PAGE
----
Image via Childish Major

Image via Childish Major

5 On It is a feature that looks at five of the best under-the-radar rap findings from the past week, highlighting new or recently discovered artists, or interesting obscurities.


Image via Matik Estrada

Image via Matik Estrada

Matik Estrada – “Family Matters” (Prod. Childish Major)

While Childish Major first rose to prominence on the heels of woozily ethereal Rocko hit “U.O.E.N.O.,” his sound was never confined to purely tweaking trap music with his particular perspective.

“Family Matters,” the new single from Childish collaborator Matik Estrada, shows a beautiful, organic side to the Atlanta-based producer’s sound, tapping into the vibe of the Golden Era and the a different side of the south simultaneously without feeling stuck in nostalgia. It’s a style the two have been working on together for several years now, with “Family Matters” providing the greatest deliverance on their vision to-date.

“Family Matters” reveals a promising, world-weary emcee in Estrada and shows that not only can Childish produce, he can also sing (he handles hook duties).


Image via Lais.

Image via Lais.

Lais. – No Idols

The Toronto has only produced one true superstar in hip-hop (The Weeknd hasn’t reached superstar status and has charted a course beyond hip-hop), it has molded the landscape with a slew of talented producers and young creators who filtered the influences of various corners of the hip-hop atlas into a distinctive sound. In ten more years, it will be fascinating to look back on the factors that contributed to a Canadian metropolis on the east coast of the country—far nearer New York than Houston or Atlanta—becoming a hub of often-southern inspired hip-hop that developed an aesthetic unto itself. It is undoubtedly one of hip-hop’s quiet centers; perhaps it will never be celebrated in the same way as New York, Los Angeles, Atlanta, or Chicago, but its influence on rap’s last few years is difficult to ignore.

Toronto rapper Lais. draws inspiration from the sound of country rap (and not the sort that marries Nelly and Florida Georgia Line), warping an earthy sound pulled from the likes of Pimp C and Organized Noize into a Toronto-tinted canvas for reflection on a life of drugs and damaged relationships. Lais. occasionally taps into a cadence and tone reminiscent of Kevin Gates, half-rapping, half-singing, always emoting. Listen to standout “Home,” but check out the entirety of No Idols—it’s a well assembled project worth diving into in one sitting.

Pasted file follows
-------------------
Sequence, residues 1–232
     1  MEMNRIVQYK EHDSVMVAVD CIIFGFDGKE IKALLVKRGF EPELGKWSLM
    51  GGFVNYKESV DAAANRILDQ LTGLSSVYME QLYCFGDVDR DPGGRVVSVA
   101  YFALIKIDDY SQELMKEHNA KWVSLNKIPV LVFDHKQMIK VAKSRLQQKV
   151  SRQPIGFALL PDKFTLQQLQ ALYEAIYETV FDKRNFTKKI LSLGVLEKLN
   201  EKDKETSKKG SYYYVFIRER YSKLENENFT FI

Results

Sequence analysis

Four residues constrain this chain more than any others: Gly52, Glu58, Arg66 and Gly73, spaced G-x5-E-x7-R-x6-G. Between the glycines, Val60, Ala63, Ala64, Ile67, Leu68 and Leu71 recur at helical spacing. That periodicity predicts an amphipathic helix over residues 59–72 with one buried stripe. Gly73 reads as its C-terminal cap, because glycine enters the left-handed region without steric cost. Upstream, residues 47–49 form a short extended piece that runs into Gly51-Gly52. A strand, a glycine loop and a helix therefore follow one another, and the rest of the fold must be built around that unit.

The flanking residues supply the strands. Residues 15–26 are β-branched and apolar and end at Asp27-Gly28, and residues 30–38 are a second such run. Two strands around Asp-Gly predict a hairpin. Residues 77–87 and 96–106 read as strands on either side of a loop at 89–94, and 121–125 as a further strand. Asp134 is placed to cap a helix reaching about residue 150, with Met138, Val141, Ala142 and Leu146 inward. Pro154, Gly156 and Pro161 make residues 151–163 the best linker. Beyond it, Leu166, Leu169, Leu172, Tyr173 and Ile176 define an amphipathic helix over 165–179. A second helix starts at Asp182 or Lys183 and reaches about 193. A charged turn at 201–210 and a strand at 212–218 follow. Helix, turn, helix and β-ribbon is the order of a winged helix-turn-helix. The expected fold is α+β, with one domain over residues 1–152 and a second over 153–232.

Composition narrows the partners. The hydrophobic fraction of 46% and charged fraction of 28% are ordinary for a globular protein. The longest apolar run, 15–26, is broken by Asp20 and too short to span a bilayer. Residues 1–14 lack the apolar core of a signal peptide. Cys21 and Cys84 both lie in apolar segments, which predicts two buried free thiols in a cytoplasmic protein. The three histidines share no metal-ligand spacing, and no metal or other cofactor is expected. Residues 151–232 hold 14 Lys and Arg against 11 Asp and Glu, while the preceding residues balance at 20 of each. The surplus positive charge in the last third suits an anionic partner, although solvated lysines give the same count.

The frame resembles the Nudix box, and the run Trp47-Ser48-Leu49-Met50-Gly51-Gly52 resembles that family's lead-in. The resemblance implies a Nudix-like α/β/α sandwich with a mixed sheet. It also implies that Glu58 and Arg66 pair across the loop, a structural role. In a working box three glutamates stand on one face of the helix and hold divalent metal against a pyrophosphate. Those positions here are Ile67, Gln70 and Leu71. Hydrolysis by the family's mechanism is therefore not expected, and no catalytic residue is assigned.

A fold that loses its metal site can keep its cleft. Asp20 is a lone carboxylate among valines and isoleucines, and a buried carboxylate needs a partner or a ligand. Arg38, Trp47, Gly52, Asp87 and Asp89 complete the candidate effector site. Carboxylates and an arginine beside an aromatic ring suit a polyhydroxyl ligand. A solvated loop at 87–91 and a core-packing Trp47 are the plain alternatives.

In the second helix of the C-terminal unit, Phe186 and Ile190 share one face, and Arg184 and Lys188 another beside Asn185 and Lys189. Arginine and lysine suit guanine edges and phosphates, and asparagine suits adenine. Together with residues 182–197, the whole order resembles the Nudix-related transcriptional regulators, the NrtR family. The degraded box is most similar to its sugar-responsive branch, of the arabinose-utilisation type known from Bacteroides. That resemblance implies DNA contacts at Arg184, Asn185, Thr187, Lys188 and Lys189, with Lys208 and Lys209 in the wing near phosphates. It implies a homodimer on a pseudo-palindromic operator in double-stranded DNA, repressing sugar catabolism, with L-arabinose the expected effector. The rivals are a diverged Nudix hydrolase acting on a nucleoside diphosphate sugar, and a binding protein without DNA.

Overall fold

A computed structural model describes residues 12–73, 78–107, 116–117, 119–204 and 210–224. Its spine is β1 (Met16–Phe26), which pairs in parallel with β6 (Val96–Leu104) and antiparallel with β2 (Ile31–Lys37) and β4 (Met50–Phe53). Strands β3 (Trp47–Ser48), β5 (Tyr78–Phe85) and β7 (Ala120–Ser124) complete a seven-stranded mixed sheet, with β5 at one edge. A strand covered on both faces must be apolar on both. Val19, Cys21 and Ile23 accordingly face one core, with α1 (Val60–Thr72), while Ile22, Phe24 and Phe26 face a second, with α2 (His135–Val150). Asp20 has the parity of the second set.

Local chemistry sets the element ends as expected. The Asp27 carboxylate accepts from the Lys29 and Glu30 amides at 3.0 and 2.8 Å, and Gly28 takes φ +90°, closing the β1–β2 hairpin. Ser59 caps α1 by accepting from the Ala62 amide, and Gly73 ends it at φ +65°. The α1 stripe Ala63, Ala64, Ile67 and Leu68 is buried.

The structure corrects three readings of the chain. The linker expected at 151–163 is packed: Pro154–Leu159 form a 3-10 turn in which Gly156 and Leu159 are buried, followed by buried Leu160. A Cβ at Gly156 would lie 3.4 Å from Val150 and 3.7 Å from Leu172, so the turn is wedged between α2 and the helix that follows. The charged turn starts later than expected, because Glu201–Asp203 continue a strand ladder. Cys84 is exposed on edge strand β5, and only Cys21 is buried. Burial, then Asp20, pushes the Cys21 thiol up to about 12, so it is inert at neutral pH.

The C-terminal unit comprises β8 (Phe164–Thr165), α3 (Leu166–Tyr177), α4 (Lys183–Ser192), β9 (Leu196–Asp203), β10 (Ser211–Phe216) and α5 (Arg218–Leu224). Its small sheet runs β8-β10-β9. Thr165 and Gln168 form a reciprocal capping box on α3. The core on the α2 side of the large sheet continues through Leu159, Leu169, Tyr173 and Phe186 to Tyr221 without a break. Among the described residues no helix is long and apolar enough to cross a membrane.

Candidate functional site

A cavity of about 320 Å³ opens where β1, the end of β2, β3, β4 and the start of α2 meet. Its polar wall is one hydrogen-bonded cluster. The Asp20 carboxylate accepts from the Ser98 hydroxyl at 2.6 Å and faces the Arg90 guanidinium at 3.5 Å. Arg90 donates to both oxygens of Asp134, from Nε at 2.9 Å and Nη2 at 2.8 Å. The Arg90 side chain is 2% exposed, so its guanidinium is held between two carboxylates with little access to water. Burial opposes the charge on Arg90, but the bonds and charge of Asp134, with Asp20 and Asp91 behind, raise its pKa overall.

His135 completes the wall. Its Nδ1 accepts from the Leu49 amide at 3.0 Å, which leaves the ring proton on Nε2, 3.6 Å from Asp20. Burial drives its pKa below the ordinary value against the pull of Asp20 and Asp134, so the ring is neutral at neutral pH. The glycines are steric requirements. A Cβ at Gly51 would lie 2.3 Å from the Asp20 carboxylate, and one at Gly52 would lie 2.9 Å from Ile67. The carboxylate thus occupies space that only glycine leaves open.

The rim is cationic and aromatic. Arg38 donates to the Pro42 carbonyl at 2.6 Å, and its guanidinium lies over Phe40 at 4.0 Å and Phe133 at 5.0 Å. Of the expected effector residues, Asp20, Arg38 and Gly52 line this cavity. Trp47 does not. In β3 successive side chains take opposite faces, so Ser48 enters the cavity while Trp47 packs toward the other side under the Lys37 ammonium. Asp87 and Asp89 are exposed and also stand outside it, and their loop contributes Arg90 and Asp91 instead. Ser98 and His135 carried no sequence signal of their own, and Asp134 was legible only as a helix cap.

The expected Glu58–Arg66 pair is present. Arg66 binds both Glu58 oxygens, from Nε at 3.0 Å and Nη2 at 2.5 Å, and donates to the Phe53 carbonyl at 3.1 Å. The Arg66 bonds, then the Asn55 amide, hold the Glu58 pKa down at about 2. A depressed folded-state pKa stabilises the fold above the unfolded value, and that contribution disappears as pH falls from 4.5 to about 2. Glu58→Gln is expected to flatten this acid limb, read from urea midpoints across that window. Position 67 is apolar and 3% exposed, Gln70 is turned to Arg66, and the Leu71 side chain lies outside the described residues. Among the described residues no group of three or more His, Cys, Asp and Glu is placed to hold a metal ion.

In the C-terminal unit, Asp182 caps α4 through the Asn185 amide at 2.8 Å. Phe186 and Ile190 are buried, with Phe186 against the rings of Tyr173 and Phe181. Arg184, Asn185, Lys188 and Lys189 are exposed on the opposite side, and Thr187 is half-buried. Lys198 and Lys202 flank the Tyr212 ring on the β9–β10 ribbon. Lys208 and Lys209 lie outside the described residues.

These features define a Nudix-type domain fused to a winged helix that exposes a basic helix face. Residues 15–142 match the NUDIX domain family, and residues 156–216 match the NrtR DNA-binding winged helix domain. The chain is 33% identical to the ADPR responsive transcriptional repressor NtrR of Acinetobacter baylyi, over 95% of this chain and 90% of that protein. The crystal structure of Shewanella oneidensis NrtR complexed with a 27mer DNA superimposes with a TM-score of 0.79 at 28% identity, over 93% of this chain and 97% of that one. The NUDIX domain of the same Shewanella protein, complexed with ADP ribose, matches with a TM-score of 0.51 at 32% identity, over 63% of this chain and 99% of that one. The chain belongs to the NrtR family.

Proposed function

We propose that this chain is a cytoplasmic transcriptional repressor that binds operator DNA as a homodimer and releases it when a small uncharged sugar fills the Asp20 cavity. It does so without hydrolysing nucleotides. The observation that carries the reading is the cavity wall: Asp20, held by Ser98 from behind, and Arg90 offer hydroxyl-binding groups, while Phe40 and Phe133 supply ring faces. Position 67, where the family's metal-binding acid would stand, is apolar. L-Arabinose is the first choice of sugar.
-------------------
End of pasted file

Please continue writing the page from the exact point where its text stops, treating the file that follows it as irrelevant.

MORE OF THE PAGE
Image via Boogie

Image via Boogie

Boogie – Thirst 48

Daily Discovery graduate Boogie released his debut mixtape Thirst 48 this week, serving up an intriguing take on west coast hip-hop neither indebted to the current, unavoidable wave of Mustard nor the lineage most-associated with the coast. Steeped in cloud rap aesthetics and observational without being “conscious,” Thirst 48 is a strong first statement from the Long Beach, California native.


Image via K9

Image via K9

K9 – “Show Stacks”

Outside of Dizzee Rascal’s brief, brilliant U.S. invasion in the early 2000s, grime remained almost-entirely a UK phenomenon. But, as my esteemed colleague Constant Gardner noted in a Gchat conversation I can’t find, grime remains one of the most consistently exciting and innovative scenes in British electronic music—regardless of recognition elsewhere.

UK rapper K9’s “Show Stacks” rides a Dark0 beat that tweaks grime to sound like a grungy, New York club banger from the year 3000—a street hit if French Montana ever gets his hands on it. K9’s gruff street rap is compelling in itself, but married with Dark0’s monster beat, it’s a hypnotic combination that demands a packed club and earth-shattering speakers.


Image via Conrizzle

Image via Conrizzle

Conrizzle – “Carolina Waterz”

In spite of perplexing and sort of gloriously terrible cover art, North Carolina rapper/producer Conrizzle’s new single “Carolina Waterz” is absolutely thunderous, an ode to making it out of your surroundings that hits with in-the-red abandon. On top of trying to destroy your speakers, Conrizzle flexes an impressive energy and one of his sharpest flows yet.